Passenger vehicle sales in China surged 7.9 percent in March while wholesale deliveries jumped to 1.7 million units, according to the China Association of Automobile Manufacturers. In 2013, the association identified eight Chinese cities that may restrict car purchases, with two of them -- Hangzhou and Tianjin – already imposing such measures.
According to the Passenger Car Association, orders for vehicles reached 70,000 in Hangzhou on the day the city imposed quotas on new license plates. It is estimated that such panic purchases could boost vehicle sales in China by 500,000 units in 2014.
Xu Minfeng, an analyst at Central China Securities Holdings remarked that since 2013, there have been fears of ownership restrictions, noting that Hangzhou followed recently after the city of Tianjin started limiting vehicle registrations. In the first quarter of 2014, General Motors outsold Volkswagen AG to regain the sales lead among foreign carmakers in China.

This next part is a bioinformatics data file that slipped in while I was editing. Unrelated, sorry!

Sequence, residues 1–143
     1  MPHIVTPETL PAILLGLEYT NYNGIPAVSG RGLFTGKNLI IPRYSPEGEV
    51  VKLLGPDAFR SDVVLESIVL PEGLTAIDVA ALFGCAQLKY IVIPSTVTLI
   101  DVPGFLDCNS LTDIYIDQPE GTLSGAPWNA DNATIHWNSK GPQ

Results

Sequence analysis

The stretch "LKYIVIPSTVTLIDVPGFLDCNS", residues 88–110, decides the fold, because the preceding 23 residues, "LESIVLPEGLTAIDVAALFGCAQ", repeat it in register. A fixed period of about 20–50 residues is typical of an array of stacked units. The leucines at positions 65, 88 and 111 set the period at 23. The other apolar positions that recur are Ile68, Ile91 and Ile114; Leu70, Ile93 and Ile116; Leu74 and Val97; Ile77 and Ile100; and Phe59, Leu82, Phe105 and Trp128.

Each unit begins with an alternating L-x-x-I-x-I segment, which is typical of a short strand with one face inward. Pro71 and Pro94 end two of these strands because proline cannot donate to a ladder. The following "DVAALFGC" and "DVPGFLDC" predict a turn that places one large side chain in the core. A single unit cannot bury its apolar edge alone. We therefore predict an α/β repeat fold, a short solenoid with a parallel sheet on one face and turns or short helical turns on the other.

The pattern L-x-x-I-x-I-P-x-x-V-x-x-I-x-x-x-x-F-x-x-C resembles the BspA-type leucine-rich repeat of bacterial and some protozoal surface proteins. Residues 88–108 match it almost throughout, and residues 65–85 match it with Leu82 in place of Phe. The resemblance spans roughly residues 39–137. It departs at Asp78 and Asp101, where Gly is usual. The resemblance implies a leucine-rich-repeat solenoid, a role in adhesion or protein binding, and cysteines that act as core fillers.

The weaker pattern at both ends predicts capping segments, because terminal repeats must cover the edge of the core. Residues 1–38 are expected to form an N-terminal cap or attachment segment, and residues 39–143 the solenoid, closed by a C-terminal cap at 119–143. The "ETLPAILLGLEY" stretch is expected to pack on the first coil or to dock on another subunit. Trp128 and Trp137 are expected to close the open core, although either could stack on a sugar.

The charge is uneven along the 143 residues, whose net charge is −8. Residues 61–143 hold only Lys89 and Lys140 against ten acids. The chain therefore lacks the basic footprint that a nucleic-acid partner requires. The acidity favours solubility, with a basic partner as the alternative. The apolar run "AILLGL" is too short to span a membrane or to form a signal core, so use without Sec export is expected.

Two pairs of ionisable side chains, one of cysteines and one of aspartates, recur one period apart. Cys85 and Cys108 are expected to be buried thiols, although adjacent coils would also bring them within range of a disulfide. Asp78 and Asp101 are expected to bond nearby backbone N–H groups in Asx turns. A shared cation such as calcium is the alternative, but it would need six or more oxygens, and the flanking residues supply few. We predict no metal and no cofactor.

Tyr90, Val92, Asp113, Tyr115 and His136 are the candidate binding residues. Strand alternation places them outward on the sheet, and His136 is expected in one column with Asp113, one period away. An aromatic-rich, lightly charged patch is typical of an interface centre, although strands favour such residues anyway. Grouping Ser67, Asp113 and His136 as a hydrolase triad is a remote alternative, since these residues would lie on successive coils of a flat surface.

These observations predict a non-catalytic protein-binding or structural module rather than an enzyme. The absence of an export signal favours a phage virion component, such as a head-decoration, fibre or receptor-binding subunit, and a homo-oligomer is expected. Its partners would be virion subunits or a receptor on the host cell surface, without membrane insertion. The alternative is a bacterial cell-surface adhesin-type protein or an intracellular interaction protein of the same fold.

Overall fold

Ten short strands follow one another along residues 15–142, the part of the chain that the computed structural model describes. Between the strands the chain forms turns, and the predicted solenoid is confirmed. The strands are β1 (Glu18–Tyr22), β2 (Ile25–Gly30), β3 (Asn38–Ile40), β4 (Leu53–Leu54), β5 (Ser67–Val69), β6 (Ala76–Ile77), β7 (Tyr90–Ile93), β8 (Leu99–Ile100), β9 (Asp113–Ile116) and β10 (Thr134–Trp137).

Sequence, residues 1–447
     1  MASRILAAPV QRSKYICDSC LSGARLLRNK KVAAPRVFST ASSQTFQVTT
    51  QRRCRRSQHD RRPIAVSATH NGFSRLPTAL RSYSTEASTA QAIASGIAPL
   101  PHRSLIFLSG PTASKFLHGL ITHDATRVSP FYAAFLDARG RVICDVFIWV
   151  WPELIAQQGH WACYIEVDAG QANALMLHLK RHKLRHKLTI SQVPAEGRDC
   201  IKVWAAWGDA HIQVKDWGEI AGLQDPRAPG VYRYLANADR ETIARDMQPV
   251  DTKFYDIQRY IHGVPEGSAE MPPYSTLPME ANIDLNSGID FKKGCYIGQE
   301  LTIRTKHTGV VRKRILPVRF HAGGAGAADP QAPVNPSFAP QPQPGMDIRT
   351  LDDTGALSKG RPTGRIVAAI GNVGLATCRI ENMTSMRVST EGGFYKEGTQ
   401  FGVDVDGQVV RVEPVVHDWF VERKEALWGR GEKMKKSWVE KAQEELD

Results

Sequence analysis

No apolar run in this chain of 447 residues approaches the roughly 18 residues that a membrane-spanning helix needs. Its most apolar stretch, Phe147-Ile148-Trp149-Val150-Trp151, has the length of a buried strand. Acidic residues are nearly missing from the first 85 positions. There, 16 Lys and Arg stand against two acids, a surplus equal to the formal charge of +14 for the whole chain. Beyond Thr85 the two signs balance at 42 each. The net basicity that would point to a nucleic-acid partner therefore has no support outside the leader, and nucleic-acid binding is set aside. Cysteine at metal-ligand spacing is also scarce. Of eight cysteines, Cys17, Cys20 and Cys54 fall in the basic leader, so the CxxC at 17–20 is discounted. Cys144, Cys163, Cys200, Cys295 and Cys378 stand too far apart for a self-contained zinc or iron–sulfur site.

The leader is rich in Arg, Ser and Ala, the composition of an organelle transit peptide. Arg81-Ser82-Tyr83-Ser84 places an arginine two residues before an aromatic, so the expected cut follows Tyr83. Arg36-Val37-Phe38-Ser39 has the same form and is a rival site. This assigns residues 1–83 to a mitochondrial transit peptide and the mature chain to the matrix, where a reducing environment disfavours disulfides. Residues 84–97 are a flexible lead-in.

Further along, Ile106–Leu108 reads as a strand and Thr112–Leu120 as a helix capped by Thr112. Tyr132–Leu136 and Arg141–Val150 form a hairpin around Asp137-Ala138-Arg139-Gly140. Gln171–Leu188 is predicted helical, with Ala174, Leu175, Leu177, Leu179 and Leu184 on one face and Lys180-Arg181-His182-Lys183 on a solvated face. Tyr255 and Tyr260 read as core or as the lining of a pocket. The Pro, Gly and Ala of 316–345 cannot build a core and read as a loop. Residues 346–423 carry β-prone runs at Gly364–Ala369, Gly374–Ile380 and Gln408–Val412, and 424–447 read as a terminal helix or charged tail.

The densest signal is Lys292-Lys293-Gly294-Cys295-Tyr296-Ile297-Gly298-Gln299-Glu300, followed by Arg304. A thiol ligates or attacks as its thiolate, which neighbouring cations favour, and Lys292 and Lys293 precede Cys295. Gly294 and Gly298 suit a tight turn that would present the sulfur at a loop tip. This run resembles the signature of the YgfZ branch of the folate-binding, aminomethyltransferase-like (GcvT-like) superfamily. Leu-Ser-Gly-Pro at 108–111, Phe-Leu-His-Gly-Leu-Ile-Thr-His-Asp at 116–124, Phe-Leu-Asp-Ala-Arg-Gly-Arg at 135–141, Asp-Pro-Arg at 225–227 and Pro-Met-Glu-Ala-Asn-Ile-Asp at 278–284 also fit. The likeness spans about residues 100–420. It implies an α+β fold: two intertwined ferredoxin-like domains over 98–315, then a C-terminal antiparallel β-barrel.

GM posted a 13-percent jump in sales in China to 919,114 vehicles in the quarter, while Volkswagen logged a 14-percent leap in sales in China -- including Hong Kong – to 880,700 units. Overall, vehicle sales in China surged 6.6 percent to 2.2 million units in March and 9.2 percent to 5.9 million units in the first quarter of 2014.
Domestic brands accounted for 39.3 percent of industry sales, registering its seventh consecutive month of decline, according to CAAM. The association’s Secretary General Dong Yang remarked that drop exposes the weak competitiveness of domestic brands, which may continue for a while. He noted that the time for local brands to melee against foreign brands has already started and the outlook for them “isn't optimistic."